rWCHC is a project aimed at implementing a versatile weather-compensated central heating controller. The goal is to provide smart, accurate and optimal temperature control based on outdoor temperature variations, building structure and occupant habits, in order to maximize comfort and reduce power usage (minimize both the impact on the environment and the energy bill). The system is designed to be scalable and remote operable (via internet connection).

This project is composed of two parts: a custom-designed hardware module (the topic of this page) to perform the actual power control on heating appliances, and a software module (described here).

The software module is meant to run on a Raspberry Pi host to perform all computations and enhanced logic control.

This project stemmed from my need for a reliable and highly configurable controller after having had a bad experience with a brand-name device.

I have been operating two of these units in two separate locations for several years: it works! :-)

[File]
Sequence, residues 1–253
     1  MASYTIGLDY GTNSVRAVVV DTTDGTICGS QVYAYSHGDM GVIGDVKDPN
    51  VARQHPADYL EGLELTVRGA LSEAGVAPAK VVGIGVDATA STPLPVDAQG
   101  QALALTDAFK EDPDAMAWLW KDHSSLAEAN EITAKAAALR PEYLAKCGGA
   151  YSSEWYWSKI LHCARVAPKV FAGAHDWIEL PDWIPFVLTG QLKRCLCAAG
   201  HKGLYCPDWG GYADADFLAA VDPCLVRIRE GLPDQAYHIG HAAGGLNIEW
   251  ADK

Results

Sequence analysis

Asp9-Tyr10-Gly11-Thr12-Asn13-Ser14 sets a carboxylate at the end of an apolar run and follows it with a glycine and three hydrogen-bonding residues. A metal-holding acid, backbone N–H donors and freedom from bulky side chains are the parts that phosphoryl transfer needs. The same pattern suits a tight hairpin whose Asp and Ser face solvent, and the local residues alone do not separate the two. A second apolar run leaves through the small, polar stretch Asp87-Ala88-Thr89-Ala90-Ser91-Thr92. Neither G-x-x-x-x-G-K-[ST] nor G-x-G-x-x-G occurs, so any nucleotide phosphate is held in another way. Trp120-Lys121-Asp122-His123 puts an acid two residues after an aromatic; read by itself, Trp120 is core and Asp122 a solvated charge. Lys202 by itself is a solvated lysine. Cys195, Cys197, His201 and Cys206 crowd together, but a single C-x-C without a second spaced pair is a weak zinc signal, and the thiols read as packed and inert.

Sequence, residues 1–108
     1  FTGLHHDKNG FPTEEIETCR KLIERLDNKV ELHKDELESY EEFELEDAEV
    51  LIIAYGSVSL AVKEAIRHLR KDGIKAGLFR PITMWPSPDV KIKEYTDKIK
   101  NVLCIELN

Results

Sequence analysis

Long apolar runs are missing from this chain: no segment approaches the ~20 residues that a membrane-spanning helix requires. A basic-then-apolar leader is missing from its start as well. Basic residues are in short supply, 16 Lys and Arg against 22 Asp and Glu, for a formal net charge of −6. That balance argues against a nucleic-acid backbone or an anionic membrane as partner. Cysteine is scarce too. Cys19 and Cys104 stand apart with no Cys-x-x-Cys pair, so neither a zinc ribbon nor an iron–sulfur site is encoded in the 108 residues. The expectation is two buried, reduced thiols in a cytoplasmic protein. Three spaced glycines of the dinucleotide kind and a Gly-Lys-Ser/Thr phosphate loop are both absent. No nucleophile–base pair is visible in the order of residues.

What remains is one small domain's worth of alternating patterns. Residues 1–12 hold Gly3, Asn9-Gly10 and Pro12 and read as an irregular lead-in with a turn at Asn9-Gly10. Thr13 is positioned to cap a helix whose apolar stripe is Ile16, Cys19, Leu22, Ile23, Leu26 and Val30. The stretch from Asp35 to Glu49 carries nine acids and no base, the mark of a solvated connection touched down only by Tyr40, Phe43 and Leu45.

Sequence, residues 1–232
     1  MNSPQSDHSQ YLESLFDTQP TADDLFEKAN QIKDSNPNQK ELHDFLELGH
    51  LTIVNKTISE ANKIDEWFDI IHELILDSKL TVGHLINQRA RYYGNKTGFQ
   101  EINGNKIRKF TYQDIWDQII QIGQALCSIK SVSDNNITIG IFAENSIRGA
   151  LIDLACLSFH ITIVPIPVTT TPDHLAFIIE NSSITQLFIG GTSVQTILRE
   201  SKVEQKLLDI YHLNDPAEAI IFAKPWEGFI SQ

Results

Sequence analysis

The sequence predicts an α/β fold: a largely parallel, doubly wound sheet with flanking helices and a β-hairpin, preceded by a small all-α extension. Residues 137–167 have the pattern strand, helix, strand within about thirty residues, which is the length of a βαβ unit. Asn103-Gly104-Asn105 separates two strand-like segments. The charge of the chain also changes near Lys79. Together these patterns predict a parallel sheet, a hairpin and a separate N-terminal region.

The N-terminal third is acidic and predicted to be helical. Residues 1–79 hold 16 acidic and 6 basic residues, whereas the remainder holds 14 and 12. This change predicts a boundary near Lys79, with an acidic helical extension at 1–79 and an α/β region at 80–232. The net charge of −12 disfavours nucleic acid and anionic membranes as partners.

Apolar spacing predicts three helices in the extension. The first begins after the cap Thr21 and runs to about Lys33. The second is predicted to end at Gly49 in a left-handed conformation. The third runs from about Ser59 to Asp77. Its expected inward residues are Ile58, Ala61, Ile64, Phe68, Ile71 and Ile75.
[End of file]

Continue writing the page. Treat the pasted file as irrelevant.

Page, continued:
The information and methods described herein are provided “AS-IS” WITHOUT WARRANTY OF ANY KIND, EITHER EXPRESSED OR IMPLIED. Use the concepts, examples and information at your own risk. There may be errors and inaccuracies, that could be damaging to your devices. Proceed with caution, and although it is highly unlikely that accidents will happen because of following advice or procedures described in this document, the author does not take any responsibility for any damage claimed to be caused by doing so.

I’ll add an extra one since this particular design drives mains voltages:


Design goals

My design goals are simple. The system should be:

  • Safe
  • Reliable
  • Versatile
  • Affordable
  • KISS design